2011 Report: All Samples in the Rio Hondo met water quality standards for all tested constituents on all sampling events. There were sites in both the Rio Fernando and Rio Pueblo did not meet water quality standards for dissolved oxygen, electrical conductivity, and/or E. coli. 2011 sampling confirms the recommendation from previous sampling reports sampling report to list the Rio Fernando and the Rio Pueblo de Taos as impaired for E. coli. A number of new sites were added in the Rio Pueblo de Taos drainage in 2011. One site, in the perennial arroyo below the wastewater treatment plant, had poor water quality on all three sampling events in 2011. For more details on sampling in 2011 please see the '11 Taos Rios Report
2012 Report: Four sites in the Red River were added this year. No water quality exceedances were observed in the Red River. Water quality in the Rio Hondo continued to be excellent with only two slight exceedances of water quality standards (one for pH and one for electrical conductivity). The Rio Fernando de Taos consistently did not meet dissolved oxygen or conductivity standards. While for the first time since initiating sampling in 2007 there were no E.coli exceedances in any of the streams sampled, one site in the Upper Rio Fernando had high levels that were just at the standard. High levels of phosphorus and conductivity were recorded in the lower Rio Pueblo but because there are no water quality standards for this section of the river for these constituents, no water quality standards were exceeded. Water quality in the wastewater arroyo below the Taos wastewater facility was much improved from 2011 samples. It is recommended that the Upper Rio Fernando de Taos be listed as impaired for conductivity. It is recommended that conductivity and phosphorus standards be adopted for the lower Rio Pueblo. For more details on 2012 sampling please see the '12 Taos Rios Report.
2013 Report: One site in the Rio Grande del Rancho was added this year. Sampling showed levels of conductivity above standards and confirmed the Environment Department's previous listing of the Rio Grande del Rancho as impaired for conductivity. All samples in the Rio Hondo met standards. There was an E.coli exceedance in the Upper Rio Fernando. The Rio Fernando also continued to have dissolved oxygen and conductivity exceedances. While no standards were exceeded in the Red River there were levels of Aluminum detected that would have exceeded the pre 2010 water quality standard many times over. For more details on 2013 sampling please see the '13 Taos Rios Report.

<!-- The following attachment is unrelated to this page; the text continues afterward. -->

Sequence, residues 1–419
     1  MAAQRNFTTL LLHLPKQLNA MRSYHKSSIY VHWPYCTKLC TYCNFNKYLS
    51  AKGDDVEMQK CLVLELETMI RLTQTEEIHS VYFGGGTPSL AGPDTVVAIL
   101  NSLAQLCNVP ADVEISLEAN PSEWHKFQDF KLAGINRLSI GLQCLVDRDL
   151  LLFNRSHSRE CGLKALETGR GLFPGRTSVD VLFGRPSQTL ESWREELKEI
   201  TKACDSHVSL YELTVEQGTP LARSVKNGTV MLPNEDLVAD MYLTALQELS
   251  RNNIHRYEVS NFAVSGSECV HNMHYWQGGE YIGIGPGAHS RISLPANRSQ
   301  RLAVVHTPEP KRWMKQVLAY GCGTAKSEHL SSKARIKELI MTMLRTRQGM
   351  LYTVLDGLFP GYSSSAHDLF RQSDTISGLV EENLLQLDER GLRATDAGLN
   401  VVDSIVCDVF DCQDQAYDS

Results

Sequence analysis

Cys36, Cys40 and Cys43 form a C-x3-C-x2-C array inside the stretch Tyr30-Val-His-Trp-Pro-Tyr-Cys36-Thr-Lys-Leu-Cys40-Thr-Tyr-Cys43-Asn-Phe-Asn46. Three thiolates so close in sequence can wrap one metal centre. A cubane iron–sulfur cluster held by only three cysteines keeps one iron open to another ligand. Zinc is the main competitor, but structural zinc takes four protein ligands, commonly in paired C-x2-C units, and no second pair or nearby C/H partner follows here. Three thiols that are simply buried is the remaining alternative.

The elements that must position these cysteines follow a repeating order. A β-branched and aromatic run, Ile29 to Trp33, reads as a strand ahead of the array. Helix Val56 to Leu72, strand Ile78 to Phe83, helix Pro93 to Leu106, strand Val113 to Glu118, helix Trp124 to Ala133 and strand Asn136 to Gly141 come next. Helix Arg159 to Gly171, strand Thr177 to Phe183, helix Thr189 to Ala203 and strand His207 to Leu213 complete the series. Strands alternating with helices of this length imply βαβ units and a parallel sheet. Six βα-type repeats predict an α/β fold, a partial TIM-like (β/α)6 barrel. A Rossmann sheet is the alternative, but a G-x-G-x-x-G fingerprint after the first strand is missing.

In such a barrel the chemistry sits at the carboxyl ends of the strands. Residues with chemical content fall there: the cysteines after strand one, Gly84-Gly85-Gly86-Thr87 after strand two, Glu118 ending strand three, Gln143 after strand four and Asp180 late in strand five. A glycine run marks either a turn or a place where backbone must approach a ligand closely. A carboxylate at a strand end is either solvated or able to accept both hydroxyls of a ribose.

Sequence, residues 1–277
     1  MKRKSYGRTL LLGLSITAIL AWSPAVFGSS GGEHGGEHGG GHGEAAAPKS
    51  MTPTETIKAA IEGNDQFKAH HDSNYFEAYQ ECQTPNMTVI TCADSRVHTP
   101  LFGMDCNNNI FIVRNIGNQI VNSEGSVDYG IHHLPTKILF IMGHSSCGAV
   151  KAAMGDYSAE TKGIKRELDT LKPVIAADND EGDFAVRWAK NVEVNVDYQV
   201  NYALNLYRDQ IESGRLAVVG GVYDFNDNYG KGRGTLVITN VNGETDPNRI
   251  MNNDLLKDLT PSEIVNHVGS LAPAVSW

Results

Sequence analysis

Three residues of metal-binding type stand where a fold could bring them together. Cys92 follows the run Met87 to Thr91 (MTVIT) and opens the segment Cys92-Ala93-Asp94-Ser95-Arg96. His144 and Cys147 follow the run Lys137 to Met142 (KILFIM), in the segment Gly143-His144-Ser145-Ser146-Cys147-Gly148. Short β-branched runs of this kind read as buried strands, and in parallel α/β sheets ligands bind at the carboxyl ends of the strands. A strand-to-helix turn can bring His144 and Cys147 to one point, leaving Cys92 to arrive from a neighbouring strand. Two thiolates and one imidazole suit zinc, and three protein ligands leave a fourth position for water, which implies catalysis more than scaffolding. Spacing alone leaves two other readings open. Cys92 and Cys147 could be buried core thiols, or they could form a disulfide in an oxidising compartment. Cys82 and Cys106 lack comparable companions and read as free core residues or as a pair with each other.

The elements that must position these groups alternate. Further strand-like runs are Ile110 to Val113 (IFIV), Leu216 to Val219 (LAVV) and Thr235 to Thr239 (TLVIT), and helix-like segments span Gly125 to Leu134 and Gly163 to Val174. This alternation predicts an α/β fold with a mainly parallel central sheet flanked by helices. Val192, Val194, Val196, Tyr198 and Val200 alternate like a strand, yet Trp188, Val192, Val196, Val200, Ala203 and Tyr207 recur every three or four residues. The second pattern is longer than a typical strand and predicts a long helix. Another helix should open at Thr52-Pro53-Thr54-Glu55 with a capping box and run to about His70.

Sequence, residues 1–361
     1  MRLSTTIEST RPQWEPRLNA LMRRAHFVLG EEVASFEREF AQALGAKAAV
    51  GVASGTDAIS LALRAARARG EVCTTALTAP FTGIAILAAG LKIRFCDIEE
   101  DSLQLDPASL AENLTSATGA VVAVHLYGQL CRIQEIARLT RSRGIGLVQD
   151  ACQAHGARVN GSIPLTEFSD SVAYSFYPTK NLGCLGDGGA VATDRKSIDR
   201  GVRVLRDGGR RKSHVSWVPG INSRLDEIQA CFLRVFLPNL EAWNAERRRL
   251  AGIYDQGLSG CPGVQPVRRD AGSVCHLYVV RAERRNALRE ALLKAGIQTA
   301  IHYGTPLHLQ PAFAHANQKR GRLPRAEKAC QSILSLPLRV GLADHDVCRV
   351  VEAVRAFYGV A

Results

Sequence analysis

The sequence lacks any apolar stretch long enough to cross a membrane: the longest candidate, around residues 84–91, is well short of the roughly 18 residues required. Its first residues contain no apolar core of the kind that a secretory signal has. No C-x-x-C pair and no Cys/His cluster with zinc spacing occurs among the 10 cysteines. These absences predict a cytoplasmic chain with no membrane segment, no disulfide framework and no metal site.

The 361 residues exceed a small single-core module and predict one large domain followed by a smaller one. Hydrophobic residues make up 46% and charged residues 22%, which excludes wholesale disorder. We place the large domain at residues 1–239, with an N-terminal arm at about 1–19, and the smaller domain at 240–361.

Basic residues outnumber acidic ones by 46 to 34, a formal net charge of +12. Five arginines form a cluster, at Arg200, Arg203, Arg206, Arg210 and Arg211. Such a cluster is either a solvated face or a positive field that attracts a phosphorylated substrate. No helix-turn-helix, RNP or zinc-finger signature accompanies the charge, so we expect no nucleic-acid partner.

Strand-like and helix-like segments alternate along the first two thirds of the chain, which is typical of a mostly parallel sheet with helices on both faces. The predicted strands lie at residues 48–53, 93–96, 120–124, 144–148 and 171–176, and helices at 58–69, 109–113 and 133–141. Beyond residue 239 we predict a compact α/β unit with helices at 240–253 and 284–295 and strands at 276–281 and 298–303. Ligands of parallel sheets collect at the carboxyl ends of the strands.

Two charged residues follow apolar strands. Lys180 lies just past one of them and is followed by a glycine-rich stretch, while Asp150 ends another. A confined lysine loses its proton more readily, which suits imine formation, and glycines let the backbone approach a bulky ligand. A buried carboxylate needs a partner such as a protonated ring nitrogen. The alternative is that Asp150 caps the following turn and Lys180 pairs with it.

2014 Report: Samples were collected from 4 sites in the Rio Hondo, 5 sites in the Rio Pueblo de Taos, 7 sites in the Rio Fernando de Taos, 4 sites in the Red River, and 1 site in the Rio Lucero. June and July samples were taken for the 3 upper Rio Fernando sites in order to measure E. coli levels before and after cattle grazing on the Flechado allotment. Water quality standards were exceeded in the Rio Pueblo de Taos, Rio Fernando de Taos, the Rio Hondo, and the Red River. There were no water quality standard exceedances in the single sample on the Rio Lucero. In May, July and September the Rio Fernando did not meet standards for dissolved oxygen and electrical conductivity. In July, the Rio Fernando did not meet standards for temperature, pH, dissolved oxygen or electrical conductivity. Following grazing in the Flechado allotment, E. coli levels in the upper Rio Fernando exceeded standards. For momre information on 2014 sampling, please see the '14 Taos Rios Report.
Taos River and Lands Clean-Up: For the past nine years the community of Taos has joined together to clean up trash along our local rivers, arroyos, trails, roads and illegal dump sites. The 2015 Annual Taos River and Land Clean Up pulled 29.14 tons of waste!
This year, with a focus on Miranda Canyon, a large illegal dumping site in Taos, 120+ volunteers pulled over 28 tons of waste from that Canyon and 1.14 tons from 6 other sites around Taos and Questa. 280 pounds of material was recyled and over 1,000 miniture liquor bottles ("shooters") were cleaned up from roadsides.
We would like to thank the 21 supporting organizations including Amigos Bravos, Because Water Matters, Taos County Waste Department, Rocky Mountain Youth Corps, AmeriCorps, St. James Episcopal Church, U.S. Forest Service Carson District, BLM-Taos Office, Taos County Sheriff’s Department, Centinel Bank of Taos, Taos Land Trust, Rio Grande Ace Hardware, Randall Lumber, Sierra Club, Holy Cross Hospital, Los Rios River Runners and The Beautiful Midden Project.
Click below to see the news clips from KQRE that aired before and after the event.
For a written summary of the events success, please the June 20th Taos News article, here: http://www.taosnews.com/news/article_df4f0218-16af-11e5-8cbd-57eef3c87efe.html